The original parks movement was initiated in the mid 1800s in Europe as a means to provide the common people a respite from the crowding and pollution due to industrial urbanism (LeGates and Stout, 1998). Multiple benefits of parks to health and well-being have since been recognized (Driver et al., 1991; Godbey et al., 1992; Bedimo-Rung et al., 2005; Ho et al., 2005), but the idea that parks should function as a population-wide treatment for insufficient physical activity is relatively new. Since parks are accessible venues for physical activity, figuring out how to get more people to use them is an important goal and fits in well with environmental approaches to health promotion.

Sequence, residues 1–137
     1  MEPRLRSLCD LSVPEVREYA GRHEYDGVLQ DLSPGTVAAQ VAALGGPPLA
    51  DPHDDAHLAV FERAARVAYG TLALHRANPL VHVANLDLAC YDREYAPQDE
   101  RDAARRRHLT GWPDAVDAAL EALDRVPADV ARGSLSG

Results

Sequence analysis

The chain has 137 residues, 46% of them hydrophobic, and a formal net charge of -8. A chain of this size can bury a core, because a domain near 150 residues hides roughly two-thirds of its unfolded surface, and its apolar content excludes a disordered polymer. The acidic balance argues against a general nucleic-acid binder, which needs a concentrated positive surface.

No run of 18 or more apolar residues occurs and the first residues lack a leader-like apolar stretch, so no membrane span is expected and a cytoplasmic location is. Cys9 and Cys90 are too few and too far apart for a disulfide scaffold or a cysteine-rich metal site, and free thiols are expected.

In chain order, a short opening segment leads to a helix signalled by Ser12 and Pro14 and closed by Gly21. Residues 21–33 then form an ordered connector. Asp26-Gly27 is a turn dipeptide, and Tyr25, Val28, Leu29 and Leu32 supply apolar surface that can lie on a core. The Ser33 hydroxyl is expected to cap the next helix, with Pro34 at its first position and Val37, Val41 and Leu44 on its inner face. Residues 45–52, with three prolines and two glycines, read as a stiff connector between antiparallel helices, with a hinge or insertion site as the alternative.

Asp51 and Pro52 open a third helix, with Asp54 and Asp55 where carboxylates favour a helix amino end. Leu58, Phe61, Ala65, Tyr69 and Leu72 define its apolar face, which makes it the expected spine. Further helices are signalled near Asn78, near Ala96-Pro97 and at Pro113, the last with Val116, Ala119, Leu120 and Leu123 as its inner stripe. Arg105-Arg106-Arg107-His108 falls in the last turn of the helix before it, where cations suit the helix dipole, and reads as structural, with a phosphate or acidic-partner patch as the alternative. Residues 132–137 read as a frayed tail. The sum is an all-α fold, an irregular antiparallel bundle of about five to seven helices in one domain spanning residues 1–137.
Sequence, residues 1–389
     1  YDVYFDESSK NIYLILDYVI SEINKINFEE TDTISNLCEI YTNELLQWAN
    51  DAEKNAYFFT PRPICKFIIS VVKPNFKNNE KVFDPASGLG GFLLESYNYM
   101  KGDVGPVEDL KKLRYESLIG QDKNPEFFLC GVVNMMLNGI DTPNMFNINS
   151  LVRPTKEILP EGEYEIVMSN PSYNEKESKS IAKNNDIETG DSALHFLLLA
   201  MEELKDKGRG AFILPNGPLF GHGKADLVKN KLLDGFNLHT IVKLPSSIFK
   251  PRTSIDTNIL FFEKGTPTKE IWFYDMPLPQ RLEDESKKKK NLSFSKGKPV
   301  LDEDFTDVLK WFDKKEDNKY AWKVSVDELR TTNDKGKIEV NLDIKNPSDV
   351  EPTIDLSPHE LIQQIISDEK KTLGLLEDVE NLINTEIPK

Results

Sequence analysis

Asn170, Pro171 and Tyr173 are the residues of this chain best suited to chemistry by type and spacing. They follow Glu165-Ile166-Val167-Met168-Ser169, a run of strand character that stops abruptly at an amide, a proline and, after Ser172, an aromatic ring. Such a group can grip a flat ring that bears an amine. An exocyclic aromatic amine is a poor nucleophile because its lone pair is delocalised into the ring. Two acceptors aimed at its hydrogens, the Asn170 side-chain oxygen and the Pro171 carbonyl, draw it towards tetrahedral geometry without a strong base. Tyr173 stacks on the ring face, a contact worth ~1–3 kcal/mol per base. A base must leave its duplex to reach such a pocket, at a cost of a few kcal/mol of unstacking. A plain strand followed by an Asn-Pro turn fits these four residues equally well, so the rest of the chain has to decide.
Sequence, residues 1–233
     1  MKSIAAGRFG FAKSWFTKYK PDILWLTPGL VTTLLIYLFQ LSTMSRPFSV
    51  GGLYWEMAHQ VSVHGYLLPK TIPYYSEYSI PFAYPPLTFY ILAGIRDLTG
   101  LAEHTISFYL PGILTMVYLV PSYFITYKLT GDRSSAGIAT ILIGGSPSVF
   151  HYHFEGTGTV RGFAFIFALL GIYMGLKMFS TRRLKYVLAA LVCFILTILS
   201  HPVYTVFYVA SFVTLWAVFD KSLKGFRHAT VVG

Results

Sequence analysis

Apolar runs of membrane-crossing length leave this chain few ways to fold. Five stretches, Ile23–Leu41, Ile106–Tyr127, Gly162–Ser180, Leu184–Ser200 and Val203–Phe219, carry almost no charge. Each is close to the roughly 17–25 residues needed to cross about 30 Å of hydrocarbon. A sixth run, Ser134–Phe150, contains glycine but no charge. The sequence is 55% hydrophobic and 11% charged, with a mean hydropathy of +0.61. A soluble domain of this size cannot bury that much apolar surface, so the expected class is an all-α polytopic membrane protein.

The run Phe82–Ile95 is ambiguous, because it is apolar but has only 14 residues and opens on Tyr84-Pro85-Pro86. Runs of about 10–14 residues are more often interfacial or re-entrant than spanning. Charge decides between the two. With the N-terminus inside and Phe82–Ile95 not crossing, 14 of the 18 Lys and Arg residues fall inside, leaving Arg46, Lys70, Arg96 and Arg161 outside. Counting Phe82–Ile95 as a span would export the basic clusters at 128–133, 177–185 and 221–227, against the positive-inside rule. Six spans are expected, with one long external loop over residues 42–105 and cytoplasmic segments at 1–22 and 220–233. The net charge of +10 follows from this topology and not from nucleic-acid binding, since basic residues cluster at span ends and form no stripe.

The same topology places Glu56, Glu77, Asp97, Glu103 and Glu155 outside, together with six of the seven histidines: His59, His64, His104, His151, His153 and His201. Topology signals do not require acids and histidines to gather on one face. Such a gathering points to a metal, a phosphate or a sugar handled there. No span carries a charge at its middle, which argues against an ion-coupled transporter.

Influencing health behaviors through environmental approaches assumes that people's behavior is dependent on the design and context of their surroundings. The environmental approach tries to understand the characteristics of places and their interaction with individuals to determine how places can be modified in order to automatically optimize specific health behaviors (Farley and Cohen, 2005). The science linking park settings with physical activity is in its infancy and it is unclear exactly which park characteristics and conditions will draw more people to promote greater population-wide physical activity. The conventional wisdom is that parks must be attractive and safe, and have a sufficient diversity of amenities and features to meet the needs of people with multiple different interests (Jacobs, 1961).